Amidst all the tumult and turmoil attendant upon the end of the semester there are some wonderful moments. For me, some of the best are the recognition events that take place - the Commerce Awards Banquet, the Alumni Association Spring Luncheon, and, of course, graduation.

You too would be impressed, and proud, to learn about the many accomplishments of the students and faculty we recognize at the annual awards banquet. One of the glories of the College of Commerce is our outstanding student body. It was true when you were a student and is still true today. And I'm not just being parochial when I say that. Not too long ago, a dean from another school, who knows the caliber of our students well, said, "If I had your student body, I'd have a top business school too." We do have excellent students, and we have them in abundance. And they shine both in the classroom and out. For example, student organizations in the college provide many services to the college, university, and community. The Council of Presidents comprised of the leaders of each student organization in the college, has worked closely with the college administration to organize the awards banquet. Individual clubs contribute to other college events. Our MBA students have demonstrated their "take charge" attitudes and abilities on several occasions.

Our faculty, the heart of this institution, continue to impress me. Although budget constraints have led to a steady decline in the number of full-time, tenure-track faculty, those who remain continue to do exceptional work. Research productivity remains high and is a visible measure of their accomplishment. Less visible, but equally important, are the faculty's contributions to teaching and curricular matters. In the pages of this newsletter you will meet this year's award winning teachers. A major activity for a number of faculty this year has been the creation of an exciting new MBA curriculum. Indeed, at the end of the semester, college faculty and campus administrators were invited to attend a widely-praised preview of the curriculum that will be introduced this fall.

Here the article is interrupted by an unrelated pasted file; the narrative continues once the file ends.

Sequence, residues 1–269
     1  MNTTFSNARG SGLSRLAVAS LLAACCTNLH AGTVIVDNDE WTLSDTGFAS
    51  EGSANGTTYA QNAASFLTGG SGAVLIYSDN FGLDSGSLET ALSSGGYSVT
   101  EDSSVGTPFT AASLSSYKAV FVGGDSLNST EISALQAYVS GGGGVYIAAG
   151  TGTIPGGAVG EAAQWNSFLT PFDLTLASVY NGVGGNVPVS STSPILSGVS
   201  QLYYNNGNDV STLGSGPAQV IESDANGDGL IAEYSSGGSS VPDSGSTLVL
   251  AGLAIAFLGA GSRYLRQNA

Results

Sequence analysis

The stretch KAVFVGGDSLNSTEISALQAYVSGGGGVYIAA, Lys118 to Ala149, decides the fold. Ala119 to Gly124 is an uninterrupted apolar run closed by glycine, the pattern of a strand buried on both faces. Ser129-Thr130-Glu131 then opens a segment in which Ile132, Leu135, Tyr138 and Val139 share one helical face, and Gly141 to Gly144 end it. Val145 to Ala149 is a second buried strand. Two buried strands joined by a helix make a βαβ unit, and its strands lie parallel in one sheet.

At the Annual Spring Luncheon Alumni and faculty are honored. This year the Distinguished Commerce Alumna Award was presented to Dr. Sybil Mobley, dean of the School of Business and Industry at Florida A&M. She was honored for her achievements in academia. Under her quidance, business education at Florida A&M has become one of the strongest programs in the country. Albert H. Wohlers, a long-time friend of the college, received the Commerce Appreciation Award for his years of service to the college.

One person who deserves special recognition in this season of praise is Stanley O. Ikenberry, who is retiring after sixteen years as president of the University of Illinois. The university has changed greatly during his long and successful tenure. Although he has presided over the university during some of the bleakest budget conditions, he leaves the university stronger than he found it, with a renewed emphasis on undergraduate education, an explosion of new buildings, especially on the engineering campus, and strong donor support for a large and growing endowment. President Ikenberry has been a tireless advocate for excellence in education. And he has been a good friend to the College of Commerce. We will miss his friendly but firm leadership and counsel. After a year's sabbatical, he will return to Urbana-Champaign and continue to contribute to the life of this university community.

Well, the semester is over and the awards have all been given. I extend my heartiest congratulations to all. And a heartfelt thanks to all the staff who make the college run so efficiently and allow others to shine. Too often we neglect to acknowledge their essential services, cheerfully given. To them, to you, to all who make this an outstanding school of business, in this season of year-end accomplishments and graduation, I tip my mortarboard in admiring recognition. I truly enjoyed shaking the hands of every one of the 800-plus students graduating on May 13 in three separate ceremonies.

Warmest regards,

Howard Thomas, Dean and James F. Towney Professor of Strategic Management

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